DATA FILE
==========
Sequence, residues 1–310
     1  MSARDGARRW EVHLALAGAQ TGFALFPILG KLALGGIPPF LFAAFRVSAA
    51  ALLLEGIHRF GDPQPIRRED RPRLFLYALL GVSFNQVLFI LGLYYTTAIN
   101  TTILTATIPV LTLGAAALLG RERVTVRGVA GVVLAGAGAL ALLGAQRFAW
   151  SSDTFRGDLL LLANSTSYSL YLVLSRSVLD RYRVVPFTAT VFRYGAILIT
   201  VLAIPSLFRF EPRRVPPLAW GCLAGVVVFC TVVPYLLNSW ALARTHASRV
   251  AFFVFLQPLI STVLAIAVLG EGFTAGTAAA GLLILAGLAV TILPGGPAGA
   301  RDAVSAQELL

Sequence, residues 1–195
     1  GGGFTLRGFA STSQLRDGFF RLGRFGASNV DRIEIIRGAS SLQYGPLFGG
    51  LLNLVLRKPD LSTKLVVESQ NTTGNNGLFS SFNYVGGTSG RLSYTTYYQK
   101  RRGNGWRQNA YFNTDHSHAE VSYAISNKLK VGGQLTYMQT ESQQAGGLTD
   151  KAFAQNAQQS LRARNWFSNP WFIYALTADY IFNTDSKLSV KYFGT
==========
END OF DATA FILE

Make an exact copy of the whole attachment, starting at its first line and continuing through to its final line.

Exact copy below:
Sequence, residues 1–310
     1  MSARDGARRW EVHLALAGAQ TGFALFPILG KLALGGIPPF LFAAFRVSAA
    51  ALLLEGIHRF GDPQPIRRED RPRLFLYALL GVSFNQVLFI LGLYYTTAIN
   101  TTILTATIPV LTLGAAALLG RERVTVRGVA GVVLAGAGAL ALLGAQRFAW
   151  SSDTFRGDLL LLANSTSYSL YLVLSRSVLD RYRVVPFTAT VFRYGAILIT
   201  VLAIPSLFRF EPRRVPPLAW GCLAGVVVFC TVVPYLLNSW ALARTHASRV
   251  AFFVFLQPLI STVLAIAVLG EGFTAGTAAA GLLILAGLAV TILPGGPAGA
   301  RDAVSAQELL

Sequence, residues 1–195
     1  GGGFTLRGFA STSQLRDGFF RLGRFGASNV DRIEIIRGAS SLQYGPLFGG
    51  LLNLVLRKPD LSTKLVVESQ NTTGNNGLFS SFNYVGGTSG RLSYTTYYQK
   101  RRGNGWRQNA YFNTDHSHAE VSYAISNKLK VGGQLTYMQT ESQQAGGLTD
   151  KAFAQNAQQS LRARNWFSNP WFIYALTADY IFNTDSKLSV KYFGT